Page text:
Living the Serenity Prayer – Hardship

The Serenity Prayer has a long and rather mysterious history. The first three lines were made popular by  Reinhold Niebuhr (1892 -1971), as part of a 1934 lecture. The modern prayer is several lines longer. In 1941, the prayer was noticed and later adopted by Alcoholics Anonymous. Over the past 60 years the prayer has gone far beyond AA boundaries. It is especially instructive for anyone longing to be an apprentice of Jesus. For the next eight Sundays, (November 6 – December 24), this blog will feature one phrase or cluster of phrases from this beautiful prayer.  I hope this series will create motivation and direction in the new year. Check out past posts by clicking on the Category and then Serenity Prayer on the home page of this blog.

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God grant me the serenity to accept the things I cannot change; courage to change the things I can; and wisdom to know the difference.   Living one day at a time; enjoying one moment at a time; accepting hardship as the pathway to peace;”

Hardship or happiness. Which would you choose?  The Serenity Prayer suggests that if our goal is to be at peace, “hardship” is what we should value. Happiness is comfortable, but hardship teaches us what we need to learn.  

What exactly is a hardship? The hardships referred to in Serenity Prayer are not inconveniences like waiting 20 minutes for a train to pass, running out of bread, losing a library book, or being too sick to go on vacation. The dictionary lists the following words as synonyms for hardship:  adversity, destitution, suffering, poverty. The death of a spouse, incurable or serious illness, betrayal by a friend, dysfunction within families, loss of a job,  loss of your home, floods, fires, and other natural disasters, not enough money to feed your children – these are hardships.  

Many people are able to say that they have learned the most from their suffering or hardship. But it’s a level beyond that to say that our hardship is our “pathway to peace.” Can this be true?  I venture to say that yes, hardship is our teacher – if we are willing to be a student.  And the lesson we are studying is finding peace. How does that work?

First, hardship peels away our tough outer public shell and exposes who we really are and what we really believe. We are forced to examine our values. Do we value our social standing, or do we value our integrity? Do we value our productivity or do we value our relationships – especially with God?  Do we value approval or do value truth?  Do we value security or we value the risks of love? When we lose what we think we value most, is our faith still strong and vibrant?  When hardship brings us face to face with who we really are, the journey to peace can begin.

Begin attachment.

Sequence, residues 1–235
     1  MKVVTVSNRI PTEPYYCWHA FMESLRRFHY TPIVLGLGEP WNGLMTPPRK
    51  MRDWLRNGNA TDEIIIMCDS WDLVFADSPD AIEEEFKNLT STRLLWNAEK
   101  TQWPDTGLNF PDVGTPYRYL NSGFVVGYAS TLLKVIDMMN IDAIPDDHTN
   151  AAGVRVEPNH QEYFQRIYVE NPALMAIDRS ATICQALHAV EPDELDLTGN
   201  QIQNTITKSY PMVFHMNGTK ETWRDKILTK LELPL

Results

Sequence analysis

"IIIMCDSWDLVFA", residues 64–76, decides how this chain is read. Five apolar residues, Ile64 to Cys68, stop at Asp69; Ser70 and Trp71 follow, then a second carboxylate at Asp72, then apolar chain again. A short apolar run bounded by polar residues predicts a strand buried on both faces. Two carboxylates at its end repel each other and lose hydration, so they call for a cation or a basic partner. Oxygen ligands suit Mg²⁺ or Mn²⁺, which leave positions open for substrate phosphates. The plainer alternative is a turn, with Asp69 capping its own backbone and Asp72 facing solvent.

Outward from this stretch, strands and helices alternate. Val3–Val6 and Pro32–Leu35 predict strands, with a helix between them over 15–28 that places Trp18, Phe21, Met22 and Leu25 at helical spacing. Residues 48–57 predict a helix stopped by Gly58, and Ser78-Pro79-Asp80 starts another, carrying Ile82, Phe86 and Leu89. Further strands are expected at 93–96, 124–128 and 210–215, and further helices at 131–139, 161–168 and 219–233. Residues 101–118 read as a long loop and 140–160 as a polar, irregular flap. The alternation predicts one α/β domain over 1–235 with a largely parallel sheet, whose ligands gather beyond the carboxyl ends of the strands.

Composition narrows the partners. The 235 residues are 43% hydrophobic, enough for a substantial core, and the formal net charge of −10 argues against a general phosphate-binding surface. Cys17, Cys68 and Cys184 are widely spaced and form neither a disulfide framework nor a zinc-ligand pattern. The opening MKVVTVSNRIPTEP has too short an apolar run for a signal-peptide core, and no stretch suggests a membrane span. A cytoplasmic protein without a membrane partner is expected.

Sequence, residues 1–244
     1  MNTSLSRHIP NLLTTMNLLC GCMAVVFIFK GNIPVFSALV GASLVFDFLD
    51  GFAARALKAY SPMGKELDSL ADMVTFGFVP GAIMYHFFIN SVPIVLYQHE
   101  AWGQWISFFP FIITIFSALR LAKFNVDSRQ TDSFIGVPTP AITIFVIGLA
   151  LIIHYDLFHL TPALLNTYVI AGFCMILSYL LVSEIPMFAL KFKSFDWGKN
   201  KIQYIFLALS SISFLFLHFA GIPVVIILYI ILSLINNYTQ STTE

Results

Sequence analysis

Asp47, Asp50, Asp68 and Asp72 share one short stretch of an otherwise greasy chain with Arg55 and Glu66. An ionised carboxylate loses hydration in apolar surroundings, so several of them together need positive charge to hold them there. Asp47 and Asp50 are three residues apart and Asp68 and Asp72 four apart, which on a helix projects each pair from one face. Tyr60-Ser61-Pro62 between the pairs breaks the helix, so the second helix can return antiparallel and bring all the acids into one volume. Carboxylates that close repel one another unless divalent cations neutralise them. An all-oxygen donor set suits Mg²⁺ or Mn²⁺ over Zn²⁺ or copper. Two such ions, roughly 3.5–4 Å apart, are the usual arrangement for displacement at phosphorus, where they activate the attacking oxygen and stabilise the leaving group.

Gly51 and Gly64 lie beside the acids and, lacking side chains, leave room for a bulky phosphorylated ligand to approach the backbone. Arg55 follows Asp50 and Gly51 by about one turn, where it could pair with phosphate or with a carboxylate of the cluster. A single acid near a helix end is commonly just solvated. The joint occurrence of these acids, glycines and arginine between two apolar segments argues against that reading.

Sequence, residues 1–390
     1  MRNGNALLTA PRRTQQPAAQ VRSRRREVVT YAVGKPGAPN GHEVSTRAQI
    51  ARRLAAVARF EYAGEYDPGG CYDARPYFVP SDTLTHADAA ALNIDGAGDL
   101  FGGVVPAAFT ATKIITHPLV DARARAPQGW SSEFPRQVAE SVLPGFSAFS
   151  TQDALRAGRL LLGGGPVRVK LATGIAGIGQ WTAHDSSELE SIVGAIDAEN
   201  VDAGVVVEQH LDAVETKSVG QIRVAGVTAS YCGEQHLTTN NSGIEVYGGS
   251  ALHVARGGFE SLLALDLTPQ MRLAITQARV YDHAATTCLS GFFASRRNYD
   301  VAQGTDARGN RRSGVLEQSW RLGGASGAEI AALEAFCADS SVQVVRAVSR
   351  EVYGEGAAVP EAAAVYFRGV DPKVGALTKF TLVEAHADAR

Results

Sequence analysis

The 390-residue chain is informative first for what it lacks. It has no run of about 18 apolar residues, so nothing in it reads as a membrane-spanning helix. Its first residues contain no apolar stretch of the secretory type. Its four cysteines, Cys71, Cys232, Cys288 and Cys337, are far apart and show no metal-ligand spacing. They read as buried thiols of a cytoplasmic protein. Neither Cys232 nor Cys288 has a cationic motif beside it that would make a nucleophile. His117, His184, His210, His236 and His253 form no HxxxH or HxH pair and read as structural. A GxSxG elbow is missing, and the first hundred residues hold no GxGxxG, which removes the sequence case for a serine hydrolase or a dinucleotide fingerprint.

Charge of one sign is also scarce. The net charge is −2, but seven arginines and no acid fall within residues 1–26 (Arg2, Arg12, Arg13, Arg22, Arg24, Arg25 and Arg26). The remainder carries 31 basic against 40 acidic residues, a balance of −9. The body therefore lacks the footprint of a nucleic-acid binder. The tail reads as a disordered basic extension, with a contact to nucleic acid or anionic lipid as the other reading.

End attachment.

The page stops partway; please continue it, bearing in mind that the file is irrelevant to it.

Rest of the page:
Second, hardship teaches us detachment. Do we expect good health? Illness teaches us to  detach from that expectation. Are we proud of our wealth and/or focused on our financial security? Financial setbacks help us gain perspective on the importance and wise use of money. Do we need the approval of others? Rumors, political disagreements, jealousies, misunderstandings, and raised eyebrows or outright attacks on social media can help us see how fleeting that approval really is. Detachment from wishes and expectations helps us become more “attached” to God, our rock and our salvation.

Here’s what Scripture says about hardship and peace:

Don’t be anxious about anything; rather, bring up all of your requests to God in your prayers and petitions, along with giving thanks. Then the peace of God that exceeds all understanding will keep your hearts and minds safe in Christ Jesus” (Philippians 4:6-7, CEB).

Consider it a sheer gift, friends, when tests and challenges come at you from all sides. You know that under pressure, your faith-life is forced into the open and shows its true colors. So don’t try to get out of anything prematurely. Let it do its work so you become mature and well-developed, not deficient in any way” (James 1: 2-4, MSG).

And listen to what Jesus calls us to do with hardship – and the result we will find:   “Come unto me, all ye that labor and are heavy laden, and I will give you rest” (Matt. 11:28).

So, hardship or happiness. What do we choose?  Ultimately we can have both, if we change the word “happiness” to peace or joy or rest. Walking confidently with God through hardship ultimately  is the pathway to peace and joy.

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2 Responses to Living the Serenity Prayer – Hardship

  1. I’m happy that you found this helpful! This series of posts on the Serenity Prayer has really stretched me.

  2. Lisa Beth says:

    Very good and encouraging points, will re-read this again. Thank you very much for sharing inspiring truths…🌱

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